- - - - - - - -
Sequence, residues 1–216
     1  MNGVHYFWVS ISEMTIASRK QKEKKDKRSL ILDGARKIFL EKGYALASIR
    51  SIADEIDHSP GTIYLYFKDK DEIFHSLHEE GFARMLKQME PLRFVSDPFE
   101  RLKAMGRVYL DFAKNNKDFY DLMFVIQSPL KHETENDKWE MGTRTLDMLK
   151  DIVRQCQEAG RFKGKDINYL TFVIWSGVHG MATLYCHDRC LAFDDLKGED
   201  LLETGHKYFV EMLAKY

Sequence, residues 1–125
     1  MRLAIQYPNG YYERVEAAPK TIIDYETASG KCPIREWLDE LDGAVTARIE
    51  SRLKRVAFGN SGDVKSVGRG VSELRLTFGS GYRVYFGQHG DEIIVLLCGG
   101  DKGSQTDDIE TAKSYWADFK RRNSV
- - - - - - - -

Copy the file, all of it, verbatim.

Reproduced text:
Sequence, residues 1–216
     1  MNGVHYFWVS ISEMTIASRK QKEKKDKRSL ILDGARKIFL EKGYALASIR
    51  SIADEIDHSP GTIYLYFKDK DEIFHSLHEE GFARMLKQME PLRFVSDPFE
   101  RLKAMGRVYL DFAKNNKDFY DLMFVIQSPL KHETENDKWE MGTRTLDMLK
   151  DIVRQCQEAG RFKGKDINYL TFVIWSGVHG MATLYCHDRC LAFDDLKGED
   201  LLETGHKYFV EMLAKY

Sequence, residues 1–125
     1  MRLAIQYPNG YYERVEAAPK TIIDYETASG KCPIREWLDE LDGAVTARIE
    51  SRLKRVAFGN SGDVKSVGRG VSELRLTFGS GYRVYFGQHG DEIIVLLCGG
   101  DKGSQTDDIE TAKSYWADFK RRNSV